KATHMANDU, DEC 11 - Construction of the much talked about Inland Container Depot (ICD) or dry port at Larcha, near Tatopani on the northern border with China, is scheduled to begin next week.
Lack of infrastructure has been identified as one of the bottlenecks to increasing trade with China through Tatopani, and construction of the dry port at Larcha is expected to ease the massive congestion at the customs point.
The ICD is being built with Chinese assistance. According to the Commerce Ministry, Commerce Secretary Lalmani Joshi and Chinese Ambassador to Nepal Yang Houlan will jointly lay the foundation stone of the ICD on Dec 20.
All the necessary groundwork like land acquisition, technical and feasibility study, design and infrastructure setting have been completed. The planned ICD is located some 6 km south from the customs office at Tatopani.
The ICD will be spread over 34 hectares and have a capacity to accommodate 200 containers and vehicles. The ICD will also have a border inspection building, cargo warehouse, litigation warehouse and other customs clearance facilities. Beijing Real Estate Group Company will build the depot as agreed between the two countries last May. “Construction of the ICD will definitely help doing business with China,” said Commerce Secretary Lalmani Joshi.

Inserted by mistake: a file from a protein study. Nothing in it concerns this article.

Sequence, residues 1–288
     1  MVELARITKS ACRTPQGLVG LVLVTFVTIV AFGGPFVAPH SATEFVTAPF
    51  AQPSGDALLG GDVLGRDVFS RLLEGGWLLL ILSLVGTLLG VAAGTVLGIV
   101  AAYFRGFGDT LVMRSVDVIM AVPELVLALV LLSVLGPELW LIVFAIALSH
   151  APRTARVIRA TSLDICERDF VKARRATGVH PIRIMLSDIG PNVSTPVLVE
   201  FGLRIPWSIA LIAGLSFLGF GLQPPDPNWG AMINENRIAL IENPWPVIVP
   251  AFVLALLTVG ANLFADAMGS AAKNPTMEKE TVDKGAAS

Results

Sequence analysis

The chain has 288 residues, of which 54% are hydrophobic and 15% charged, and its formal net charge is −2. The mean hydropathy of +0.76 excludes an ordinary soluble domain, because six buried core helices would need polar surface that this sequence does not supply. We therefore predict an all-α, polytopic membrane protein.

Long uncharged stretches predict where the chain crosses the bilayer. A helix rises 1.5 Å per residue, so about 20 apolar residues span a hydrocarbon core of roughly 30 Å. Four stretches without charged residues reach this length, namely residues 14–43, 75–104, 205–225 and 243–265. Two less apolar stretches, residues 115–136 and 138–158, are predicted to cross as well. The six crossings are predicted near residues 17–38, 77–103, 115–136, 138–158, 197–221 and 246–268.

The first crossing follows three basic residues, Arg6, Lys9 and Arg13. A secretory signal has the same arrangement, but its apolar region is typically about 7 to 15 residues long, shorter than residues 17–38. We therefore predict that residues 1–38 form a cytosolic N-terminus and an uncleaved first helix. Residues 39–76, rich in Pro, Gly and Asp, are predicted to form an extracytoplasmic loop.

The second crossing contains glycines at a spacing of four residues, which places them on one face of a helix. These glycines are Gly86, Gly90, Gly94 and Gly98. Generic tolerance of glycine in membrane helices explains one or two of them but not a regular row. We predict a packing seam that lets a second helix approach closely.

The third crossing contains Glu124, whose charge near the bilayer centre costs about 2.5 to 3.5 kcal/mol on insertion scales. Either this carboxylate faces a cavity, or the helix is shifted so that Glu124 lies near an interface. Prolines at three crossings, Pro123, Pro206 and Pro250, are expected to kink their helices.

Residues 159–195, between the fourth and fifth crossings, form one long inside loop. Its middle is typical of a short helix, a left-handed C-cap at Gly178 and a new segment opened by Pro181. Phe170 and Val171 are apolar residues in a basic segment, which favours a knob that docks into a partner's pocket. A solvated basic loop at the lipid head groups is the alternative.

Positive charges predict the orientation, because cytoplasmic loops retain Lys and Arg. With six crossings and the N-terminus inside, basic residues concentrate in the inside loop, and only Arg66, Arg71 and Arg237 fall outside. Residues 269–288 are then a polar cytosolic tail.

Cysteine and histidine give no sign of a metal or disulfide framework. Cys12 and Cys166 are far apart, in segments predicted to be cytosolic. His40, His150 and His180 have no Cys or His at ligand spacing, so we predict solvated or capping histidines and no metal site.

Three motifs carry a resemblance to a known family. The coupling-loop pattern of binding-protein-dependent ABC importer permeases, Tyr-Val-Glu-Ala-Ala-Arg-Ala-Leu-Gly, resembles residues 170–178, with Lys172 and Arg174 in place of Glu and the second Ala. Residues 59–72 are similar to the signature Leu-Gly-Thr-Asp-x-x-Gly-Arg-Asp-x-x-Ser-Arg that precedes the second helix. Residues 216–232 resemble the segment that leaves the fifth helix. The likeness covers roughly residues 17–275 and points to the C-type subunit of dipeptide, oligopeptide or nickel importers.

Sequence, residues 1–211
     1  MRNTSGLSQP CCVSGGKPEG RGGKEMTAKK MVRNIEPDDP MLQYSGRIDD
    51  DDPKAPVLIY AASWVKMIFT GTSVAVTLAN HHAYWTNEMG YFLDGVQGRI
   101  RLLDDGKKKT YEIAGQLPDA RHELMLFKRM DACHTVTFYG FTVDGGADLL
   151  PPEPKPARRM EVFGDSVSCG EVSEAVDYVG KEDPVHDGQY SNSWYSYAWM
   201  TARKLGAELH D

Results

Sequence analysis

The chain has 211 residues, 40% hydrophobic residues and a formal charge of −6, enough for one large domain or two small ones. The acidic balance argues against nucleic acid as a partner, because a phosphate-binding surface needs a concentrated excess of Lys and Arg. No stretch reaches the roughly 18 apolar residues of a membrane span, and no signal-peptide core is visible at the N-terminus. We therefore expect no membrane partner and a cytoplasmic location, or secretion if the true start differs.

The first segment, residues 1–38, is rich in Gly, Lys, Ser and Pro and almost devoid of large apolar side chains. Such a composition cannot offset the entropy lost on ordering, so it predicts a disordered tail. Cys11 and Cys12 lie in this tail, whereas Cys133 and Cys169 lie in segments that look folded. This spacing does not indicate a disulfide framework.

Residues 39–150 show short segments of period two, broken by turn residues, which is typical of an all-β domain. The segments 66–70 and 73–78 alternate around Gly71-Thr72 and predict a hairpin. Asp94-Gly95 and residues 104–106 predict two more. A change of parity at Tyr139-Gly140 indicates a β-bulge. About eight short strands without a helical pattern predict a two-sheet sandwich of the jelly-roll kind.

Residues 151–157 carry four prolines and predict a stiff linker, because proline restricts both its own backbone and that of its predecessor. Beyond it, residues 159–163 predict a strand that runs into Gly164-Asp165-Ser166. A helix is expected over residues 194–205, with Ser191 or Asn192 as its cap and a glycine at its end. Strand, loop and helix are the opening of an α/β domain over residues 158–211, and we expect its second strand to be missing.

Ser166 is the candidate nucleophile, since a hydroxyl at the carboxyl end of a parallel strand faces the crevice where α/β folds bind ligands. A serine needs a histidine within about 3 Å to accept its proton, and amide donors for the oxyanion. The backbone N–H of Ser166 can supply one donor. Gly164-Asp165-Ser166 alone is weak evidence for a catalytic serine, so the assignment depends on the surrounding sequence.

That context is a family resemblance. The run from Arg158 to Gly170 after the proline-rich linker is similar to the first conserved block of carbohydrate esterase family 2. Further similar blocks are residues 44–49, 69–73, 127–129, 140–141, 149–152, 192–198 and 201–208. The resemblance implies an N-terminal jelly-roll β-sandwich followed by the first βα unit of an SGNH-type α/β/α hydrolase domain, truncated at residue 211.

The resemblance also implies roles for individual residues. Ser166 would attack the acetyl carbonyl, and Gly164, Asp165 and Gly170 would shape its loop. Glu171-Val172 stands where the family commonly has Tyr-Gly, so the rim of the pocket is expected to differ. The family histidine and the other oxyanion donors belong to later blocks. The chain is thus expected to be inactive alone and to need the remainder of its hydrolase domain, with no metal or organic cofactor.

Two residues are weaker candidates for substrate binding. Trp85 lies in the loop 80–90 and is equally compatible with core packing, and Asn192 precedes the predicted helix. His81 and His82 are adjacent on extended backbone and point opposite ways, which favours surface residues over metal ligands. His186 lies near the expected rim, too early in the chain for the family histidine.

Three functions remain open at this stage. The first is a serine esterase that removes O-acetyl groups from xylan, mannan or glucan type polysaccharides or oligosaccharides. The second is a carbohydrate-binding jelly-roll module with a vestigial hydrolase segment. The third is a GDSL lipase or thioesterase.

Meanwhile, China has agreed to upgrade the 6.5-km stretch of the highway from the border to Larcha. It will also build a 112-m bridge over the Bhote Koshi River where the dry port is located. After the new ICD becomes operational, the current customs office at Tatopani will be transferred to Larcha, and Chinese trucks bringing goods will come directly to the dry port.
Joshi said he expected freight charges from Tatopani to the rest of Nepal to decrease after the ICD is built.
According to the Commerce Ministry, China has also expressed interest to build another ICD in Rasuwa to the northwest of Kathmandu. However, the Nepal government has not decided anything due to lack of adequate land to build the dry port.
“The cost of the land on which we originally planned to build the ICD has turned out to be very high. We will have to pay more than Rs 600,000 per anna. So we are thinking of building the ICD at some other place,” said Joshi.
Even in Larcha, the government had to pay a higher rate of compensation to the landowners than previously thought.
Posted on: 2012-12-12 08:28